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Carbon Film Resistor VS Metal Film – How to Tell the Difference

Resistors are electronic components that decrease electric current flow in circuits, thereby regulating electric current.  Film resistors come in three main types: metal oxide resistors, carbon film resistor vs metal film resistors.

Carbon film and metal film resistors often have the same shape and appearance. But how do you differentiate between the two?

Today, our tutorial will discuss a carbon film resistor vs. a metal film resistor. 

Carbon Film Resistor VS Metal Film: Definition

A carbon film resistor is a type of resistor that slows the flow of electricity by using a thin layer of carbon. Unfortunately, carbon film resistors are more expensive to make than other types of thin film resistors. They also generate a lot of thermal noise and can portray low accuracy. 

carbon film resistor

(carbon film resistor)

Despite its challenges, it can withstand high-energy pulses and thus are suitable for applications like surge protection electronic circuits, computers, test equipment, DC power supplies, and high-frequency applications. 

A metal film resistor limits the flow of electricity by using a thin metal film. It is also the most popular type of thin film resistor. Moreover, metal resistors are cost-effective, compact, have low tolerance, generate less noise, and operate widely compared to carbon resistors. 

metal film resistors

(metal film resistors)

Therefore, you’ll find them in bridge circuits, active filters, and high-frequency applications. 

Carbon Film Resistor vs Metal Film Resistor: Side-by-Side Comparison

Now that we’ve defined these resistor types individually, let’s look at a head-to-head comparison of them both. This will make it easier to know which use cases would suit each resistor type best. The properties this section will focus on are the voltage coefficient of resistance, stability, and temperature coefficient of resistance.

Temperature Coefficient of Resistance (TCR)

Similar to how the amount of voltage applied to a resistor can affect its resistance, changes in temperature have an effect, too.

Of course, this phenomenon isn’t exclusive to resistors. All conductors have resistance of some sort which increases in high temperatures and decreases in low temperatures.

We express this value as parts per million per degree Centigrade (ppm/°C) or Kelvin (ppm/K). As with the previous property the resistance value of metal film resistors is less susceptible to change in temperature than carbon film resistors.

Metal film resistors have a TCR between  ± 20 and ± 200 ppm/k. On the other hand, carbon film resistors have a TCR between -200 to -1000 ppm/k.

As such, the carbon film resistor TCR is substantially greater than the metal film resistors. This makes metal film resistors more reliable under extreme temperatures (both hot and cold).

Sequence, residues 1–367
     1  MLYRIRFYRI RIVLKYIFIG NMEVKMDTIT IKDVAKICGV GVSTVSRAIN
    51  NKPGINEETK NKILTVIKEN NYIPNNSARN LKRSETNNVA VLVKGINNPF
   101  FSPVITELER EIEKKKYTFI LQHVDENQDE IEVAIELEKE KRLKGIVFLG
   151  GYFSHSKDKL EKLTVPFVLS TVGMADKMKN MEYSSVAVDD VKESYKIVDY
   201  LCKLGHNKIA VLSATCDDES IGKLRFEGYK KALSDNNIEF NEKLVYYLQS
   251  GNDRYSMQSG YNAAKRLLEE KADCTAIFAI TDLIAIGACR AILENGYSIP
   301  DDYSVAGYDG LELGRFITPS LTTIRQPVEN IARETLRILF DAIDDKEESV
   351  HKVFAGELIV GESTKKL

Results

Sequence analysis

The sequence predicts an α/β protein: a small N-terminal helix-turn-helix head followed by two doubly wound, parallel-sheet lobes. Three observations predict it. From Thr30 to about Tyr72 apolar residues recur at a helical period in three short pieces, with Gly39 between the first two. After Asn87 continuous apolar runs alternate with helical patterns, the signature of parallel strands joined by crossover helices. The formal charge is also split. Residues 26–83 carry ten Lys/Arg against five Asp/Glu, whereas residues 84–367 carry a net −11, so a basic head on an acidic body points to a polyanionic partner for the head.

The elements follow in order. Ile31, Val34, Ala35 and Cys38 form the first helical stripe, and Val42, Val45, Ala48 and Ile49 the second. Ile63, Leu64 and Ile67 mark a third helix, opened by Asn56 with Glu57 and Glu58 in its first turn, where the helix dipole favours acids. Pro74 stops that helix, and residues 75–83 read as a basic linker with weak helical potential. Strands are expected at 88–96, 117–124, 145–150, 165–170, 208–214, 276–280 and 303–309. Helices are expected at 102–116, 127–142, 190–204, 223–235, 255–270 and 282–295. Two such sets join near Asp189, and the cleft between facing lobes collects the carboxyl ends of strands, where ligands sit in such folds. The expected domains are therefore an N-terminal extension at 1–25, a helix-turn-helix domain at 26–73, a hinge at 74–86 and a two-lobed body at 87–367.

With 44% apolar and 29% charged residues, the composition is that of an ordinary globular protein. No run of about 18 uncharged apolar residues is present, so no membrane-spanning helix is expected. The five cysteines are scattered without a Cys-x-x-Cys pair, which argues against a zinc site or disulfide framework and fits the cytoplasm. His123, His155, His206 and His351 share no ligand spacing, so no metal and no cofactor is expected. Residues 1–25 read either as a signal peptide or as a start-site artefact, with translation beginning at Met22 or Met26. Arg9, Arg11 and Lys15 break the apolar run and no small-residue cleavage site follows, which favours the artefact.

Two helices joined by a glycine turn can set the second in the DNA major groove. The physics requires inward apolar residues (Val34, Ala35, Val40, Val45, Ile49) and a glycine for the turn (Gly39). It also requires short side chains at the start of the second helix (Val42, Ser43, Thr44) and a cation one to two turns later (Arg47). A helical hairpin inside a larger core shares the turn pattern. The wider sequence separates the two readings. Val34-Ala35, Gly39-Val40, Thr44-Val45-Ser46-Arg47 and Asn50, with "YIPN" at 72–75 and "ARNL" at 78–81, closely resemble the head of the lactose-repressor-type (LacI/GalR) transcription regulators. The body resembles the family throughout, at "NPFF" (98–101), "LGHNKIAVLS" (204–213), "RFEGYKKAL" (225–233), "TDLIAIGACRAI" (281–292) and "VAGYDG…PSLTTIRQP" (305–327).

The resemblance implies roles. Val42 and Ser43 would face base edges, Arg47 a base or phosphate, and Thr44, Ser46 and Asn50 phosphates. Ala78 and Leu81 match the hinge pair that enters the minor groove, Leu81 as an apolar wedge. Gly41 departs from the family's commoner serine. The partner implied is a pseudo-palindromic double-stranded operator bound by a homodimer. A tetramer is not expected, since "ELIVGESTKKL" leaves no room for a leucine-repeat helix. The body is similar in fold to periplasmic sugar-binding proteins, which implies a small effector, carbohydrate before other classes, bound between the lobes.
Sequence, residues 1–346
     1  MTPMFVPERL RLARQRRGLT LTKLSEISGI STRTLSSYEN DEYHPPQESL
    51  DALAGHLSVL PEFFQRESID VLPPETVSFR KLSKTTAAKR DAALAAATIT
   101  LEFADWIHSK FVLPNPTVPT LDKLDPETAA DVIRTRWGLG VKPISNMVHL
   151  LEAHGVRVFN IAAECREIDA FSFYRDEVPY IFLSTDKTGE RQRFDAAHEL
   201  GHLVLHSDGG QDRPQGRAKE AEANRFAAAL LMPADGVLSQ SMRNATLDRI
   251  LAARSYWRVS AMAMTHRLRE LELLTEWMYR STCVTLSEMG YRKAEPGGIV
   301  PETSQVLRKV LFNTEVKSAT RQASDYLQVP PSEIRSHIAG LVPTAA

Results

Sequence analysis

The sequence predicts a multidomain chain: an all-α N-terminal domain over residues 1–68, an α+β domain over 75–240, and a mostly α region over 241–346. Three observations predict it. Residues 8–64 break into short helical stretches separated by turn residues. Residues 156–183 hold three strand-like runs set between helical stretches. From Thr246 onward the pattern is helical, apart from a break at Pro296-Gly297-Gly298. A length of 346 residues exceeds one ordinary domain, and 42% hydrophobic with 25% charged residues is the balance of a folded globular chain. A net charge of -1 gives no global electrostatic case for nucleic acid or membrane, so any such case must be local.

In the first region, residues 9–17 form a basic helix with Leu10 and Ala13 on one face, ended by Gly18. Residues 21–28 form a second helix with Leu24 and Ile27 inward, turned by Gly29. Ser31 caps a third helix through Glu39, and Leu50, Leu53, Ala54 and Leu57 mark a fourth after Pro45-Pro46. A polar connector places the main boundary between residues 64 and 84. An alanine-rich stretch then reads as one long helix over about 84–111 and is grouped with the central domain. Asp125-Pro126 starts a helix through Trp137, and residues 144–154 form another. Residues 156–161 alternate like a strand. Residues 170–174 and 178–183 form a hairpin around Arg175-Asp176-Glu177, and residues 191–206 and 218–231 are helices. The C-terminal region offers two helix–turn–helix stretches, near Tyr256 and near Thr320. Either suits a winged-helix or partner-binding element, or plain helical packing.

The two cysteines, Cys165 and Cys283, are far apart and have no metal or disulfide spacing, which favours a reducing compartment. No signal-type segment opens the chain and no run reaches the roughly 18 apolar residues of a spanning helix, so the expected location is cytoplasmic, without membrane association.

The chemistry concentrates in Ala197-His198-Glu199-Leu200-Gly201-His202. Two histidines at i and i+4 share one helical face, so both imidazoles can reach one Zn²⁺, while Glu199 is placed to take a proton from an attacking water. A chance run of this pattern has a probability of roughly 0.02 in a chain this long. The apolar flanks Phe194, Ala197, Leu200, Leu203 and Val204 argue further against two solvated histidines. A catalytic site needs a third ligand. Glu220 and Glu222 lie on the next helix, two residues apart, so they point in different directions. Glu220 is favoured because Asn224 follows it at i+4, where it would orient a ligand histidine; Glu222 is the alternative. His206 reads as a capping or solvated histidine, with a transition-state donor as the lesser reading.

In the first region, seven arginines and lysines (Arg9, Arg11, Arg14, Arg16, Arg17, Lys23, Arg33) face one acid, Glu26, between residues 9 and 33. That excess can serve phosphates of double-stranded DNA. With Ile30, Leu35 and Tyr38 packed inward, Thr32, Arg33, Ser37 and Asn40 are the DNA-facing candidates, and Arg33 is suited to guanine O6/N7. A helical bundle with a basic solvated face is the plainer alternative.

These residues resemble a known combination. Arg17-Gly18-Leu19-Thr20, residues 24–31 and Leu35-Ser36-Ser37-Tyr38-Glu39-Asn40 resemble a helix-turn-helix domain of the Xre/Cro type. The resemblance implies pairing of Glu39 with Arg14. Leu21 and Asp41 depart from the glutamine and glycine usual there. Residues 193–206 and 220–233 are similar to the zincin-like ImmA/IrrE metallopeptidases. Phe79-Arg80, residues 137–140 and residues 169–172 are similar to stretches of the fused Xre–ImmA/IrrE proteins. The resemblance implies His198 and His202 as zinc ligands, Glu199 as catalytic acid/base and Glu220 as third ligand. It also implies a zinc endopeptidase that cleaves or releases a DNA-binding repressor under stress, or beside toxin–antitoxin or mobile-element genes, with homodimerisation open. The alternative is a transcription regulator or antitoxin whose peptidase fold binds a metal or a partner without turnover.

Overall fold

Moreover, metal film resistors produce less thermal noise. This makes them ideal for devices such as radios, intercoms and radars. 

Carbon Film Resistor Green Color

Carbon Film Resistor Green Color

Voltage Coefficient of Resistance (VCR)

Applying voltage to a resistor may cause changes in its resistance value. Usually, applying voltage to a resistor causes the resistance to drop in near proportionality. Regardless of decrease or increase, we represent the change in resistance against each applied volt (per volt). This measurement is known as the Voltage Coefficient of Resistance (VCR) and is represented by the metric: parts per million per volt (ppm/V).

The VCR is important because it helps us predict and determine how well a resistor performs in high-voltage situations. While carbon film resistors perform well in high-voltage applications, their metal film counterparts perform even better. Metal film resistors have a VCR of just under 1 ppm/V, whereas carbon film resistors have a -10 ppm/V. This means metal film resistors are less susceptible to changes in resistance caused by applied voltage.


Since resistors are a part of machinery and electronics operating in various environments, we must know how they are fair against external stressors. These stressors can (potentially) affect the resistance value of the resistor. We refer to a resistor’s tolerance to environmental stressors over time as stability.

Some of the most common stressors are exposure to radiation, heat (high temperatures), and cold (low temperatures). Sudden or prolonged power spikes can also be categorized as stressors that can challenge the stability of the resistor.

Nevertheless, stability is another area in which metal-film resistors outperform carbon-film resistors. This is not to say that carbon-film resistors are unstable. They have moderate stability. On the other hand, metal film resistors exhibit good to exceptional stability.

Carbon Film Resistor VS Metal Film: Construction

The two resistor types have different processes.

Carbon film resistor construction